December 2014 Catalyst

December 2014
From recreational vehicles in the northwest to Mayo Clinic in the southeast, Minnesota has a diverse and changing set of industry clusters. What do such clusters need to grow and prosper? Recent U of M studies take a look at the vital role of transportation. For example, a study of the greater Minneapolis–St. Paul area revealed that some important new clusters are emerging from existing competitive clusters. In another study, researchers interviewed several companies in varied clusters throughout Minnesota to learn which transportation issues are important to them.
The data collected at the scene of a crash by law enforcement officers are important for more than just drivers and their insurance companies. The information is also used on a much larger scale by state agencies and researchers to analyze and evaluate crashes, trends, and potential countermeasures. As part of an effort to improve the quality of this data in Minnesota, a team of researchers from the U of M’s HumanFIRST Laboratory are working on a redesign of the electronic crash report interface used by law enforcement officers. The team’s goal is to create a new interface that improves the accuracy, speed, reliability, and meaningfulness of crash report data.
Transportation practitioners have new tools to help keep road construction runoff out of our waters, thanks to research from the University of Minnesota. During a rainfall, eroded sediment can be quickly transported to nearby lakes or rivers. The amount of eroded sediment is typically gauged using turbidity values, which measure the cloudiness of a fluid. The research gives insight into overcoming the challenges and reducing the costs of turbidity monitoring at construction sites. Two turbidity monitoring systems were developed: one for overland flows, the other for dewatering activities.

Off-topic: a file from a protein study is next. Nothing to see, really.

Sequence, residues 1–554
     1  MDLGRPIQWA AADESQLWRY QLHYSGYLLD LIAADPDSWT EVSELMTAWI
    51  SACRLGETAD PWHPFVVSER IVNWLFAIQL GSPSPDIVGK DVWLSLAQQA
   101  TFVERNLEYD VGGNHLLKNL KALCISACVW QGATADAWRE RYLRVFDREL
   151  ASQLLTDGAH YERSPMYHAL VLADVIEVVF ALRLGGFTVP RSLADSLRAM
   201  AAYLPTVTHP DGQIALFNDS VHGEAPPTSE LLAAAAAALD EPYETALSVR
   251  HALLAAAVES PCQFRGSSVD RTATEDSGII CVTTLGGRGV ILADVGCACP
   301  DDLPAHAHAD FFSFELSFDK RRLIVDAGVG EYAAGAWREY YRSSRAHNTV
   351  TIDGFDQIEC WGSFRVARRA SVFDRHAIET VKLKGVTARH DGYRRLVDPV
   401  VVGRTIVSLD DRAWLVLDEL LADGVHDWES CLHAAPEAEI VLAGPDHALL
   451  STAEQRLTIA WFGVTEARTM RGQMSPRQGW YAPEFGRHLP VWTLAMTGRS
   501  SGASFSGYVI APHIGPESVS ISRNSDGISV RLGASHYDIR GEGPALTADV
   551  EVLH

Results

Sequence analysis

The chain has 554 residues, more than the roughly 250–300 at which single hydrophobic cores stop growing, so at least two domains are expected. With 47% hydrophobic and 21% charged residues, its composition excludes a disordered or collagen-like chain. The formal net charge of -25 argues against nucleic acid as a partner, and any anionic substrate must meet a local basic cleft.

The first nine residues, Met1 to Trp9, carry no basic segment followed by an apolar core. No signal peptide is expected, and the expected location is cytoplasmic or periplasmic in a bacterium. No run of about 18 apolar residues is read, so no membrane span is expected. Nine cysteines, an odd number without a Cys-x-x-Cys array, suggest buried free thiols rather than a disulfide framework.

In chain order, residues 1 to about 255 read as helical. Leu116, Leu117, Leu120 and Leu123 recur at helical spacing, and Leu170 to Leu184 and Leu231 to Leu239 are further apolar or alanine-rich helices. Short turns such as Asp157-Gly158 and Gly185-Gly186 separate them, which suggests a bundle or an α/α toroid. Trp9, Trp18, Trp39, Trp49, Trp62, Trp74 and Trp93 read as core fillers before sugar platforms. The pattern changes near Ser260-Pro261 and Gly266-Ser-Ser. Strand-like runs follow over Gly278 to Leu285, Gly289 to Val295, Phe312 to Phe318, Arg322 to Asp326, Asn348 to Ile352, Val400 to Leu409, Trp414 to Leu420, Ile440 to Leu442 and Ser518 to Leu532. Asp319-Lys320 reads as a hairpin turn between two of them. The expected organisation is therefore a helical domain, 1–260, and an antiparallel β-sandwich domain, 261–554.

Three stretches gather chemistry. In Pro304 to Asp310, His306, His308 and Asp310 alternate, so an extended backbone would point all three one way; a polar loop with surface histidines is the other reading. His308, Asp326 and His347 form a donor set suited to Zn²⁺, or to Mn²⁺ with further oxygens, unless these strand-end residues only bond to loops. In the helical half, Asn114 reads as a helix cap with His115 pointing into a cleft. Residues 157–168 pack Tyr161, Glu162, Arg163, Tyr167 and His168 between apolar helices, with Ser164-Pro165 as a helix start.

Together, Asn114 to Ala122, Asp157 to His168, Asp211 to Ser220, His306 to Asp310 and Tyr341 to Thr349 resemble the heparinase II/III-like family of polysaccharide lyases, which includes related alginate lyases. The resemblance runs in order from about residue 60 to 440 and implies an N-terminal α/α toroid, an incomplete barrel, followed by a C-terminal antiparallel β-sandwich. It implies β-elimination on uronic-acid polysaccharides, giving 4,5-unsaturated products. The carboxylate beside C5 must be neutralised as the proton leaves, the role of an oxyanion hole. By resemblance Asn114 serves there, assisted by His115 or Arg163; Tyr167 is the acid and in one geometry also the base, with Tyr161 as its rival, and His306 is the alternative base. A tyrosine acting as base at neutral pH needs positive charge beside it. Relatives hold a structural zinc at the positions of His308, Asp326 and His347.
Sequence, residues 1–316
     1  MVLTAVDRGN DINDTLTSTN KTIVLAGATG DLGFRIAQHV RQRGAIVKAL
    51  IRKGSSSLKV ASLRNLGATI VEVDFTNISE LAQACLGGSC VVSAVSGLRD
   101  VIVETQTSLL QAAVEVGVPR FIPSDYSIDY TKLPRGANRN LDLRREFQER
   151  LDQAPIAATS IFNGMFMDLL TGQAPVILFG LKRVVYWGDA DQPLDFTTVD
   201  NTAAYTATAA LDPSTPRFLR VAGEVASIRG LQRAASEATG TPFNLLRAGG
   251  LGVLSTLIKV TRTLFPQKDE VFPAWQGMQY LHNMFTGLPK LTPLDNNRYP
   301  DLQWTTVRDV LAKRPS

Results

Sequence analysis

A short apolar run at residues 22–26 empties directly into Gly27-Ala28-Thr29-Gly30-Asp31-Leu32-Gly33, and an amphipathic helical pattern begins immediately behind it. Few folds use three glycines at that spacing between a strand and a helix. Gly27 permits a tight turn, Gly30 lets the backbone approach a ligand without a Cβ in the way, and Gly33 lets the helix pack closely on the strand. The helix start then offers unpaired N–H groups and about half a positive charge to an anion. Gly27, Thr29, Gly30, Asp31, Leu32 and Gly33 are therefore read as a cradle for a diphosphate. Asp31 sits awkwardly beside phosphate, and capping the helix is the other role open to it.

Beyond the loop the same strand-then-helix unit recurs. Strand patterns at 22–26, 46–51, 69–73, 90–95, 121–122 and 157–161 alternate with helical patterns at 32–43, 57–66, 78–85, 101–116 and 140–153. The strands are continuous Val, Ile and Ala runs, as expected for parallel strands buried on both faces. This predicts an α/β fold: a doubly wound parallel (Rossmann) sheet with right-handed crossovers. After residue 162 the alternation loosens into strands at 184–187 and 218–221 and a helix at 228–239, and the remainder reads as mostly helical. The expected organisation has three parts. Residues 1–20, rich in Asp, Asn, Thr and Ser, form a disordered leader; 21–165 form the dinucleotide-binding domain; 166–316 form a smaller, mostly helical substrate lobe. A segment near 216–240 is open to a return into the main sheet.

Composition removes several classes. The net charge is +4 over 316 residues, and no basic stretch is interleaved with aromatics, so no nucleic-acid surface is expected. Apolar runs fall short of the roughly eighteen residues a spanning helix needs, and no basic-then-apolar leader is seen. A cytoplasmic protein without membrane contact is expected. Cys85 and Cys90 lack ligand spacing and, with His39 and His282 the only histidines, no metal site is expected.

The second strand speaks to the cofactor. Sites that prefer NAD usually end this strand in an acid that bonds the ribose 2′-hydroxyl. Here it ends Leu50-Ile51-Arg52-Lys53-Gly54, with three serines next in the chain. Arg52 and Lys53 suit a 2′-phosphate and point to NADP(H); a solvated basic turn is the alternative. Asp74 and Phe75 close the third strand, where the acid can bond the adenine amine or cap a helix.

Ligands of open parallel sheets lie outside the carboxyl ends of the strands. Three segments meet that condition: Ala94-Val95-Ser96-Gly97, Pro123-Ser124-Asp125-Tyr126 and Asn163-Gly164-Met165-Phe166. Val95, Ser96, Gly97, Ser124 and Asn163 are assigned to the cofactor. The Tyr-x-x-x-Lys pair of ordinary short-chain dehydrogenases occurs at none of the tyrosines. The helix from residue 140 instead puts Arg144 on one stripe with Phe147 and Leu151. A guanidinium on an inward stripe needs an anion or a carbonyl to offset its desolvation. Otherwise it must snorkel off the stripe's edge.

The design of concrete pavements has advanced significantly in the past decade. To take advantage of these advancements, the Minnesota Department of Transportation (MnDOT) determined that it needed a new design tool tailored to Minnesota’s unique conditions. In collaboration with MnDOT engineers, U of M researchers developed a Windows-based database and software program. With this new tool, Minnesota’s state and local engineers will be able to incorporate the latest design procedures to create pavements that are cost-effective, longer-lasting, and better suited to Minnesota conditions.
Publication Credits 

Publisher/Director: Laurie McGinnis
Managing Editor: Pamela Snopl
Editors: Christine Anderson, Amy Friebe, Michael McCarthy
Designer: Angela Kronebusch
Freelance Writer: Megan Tsai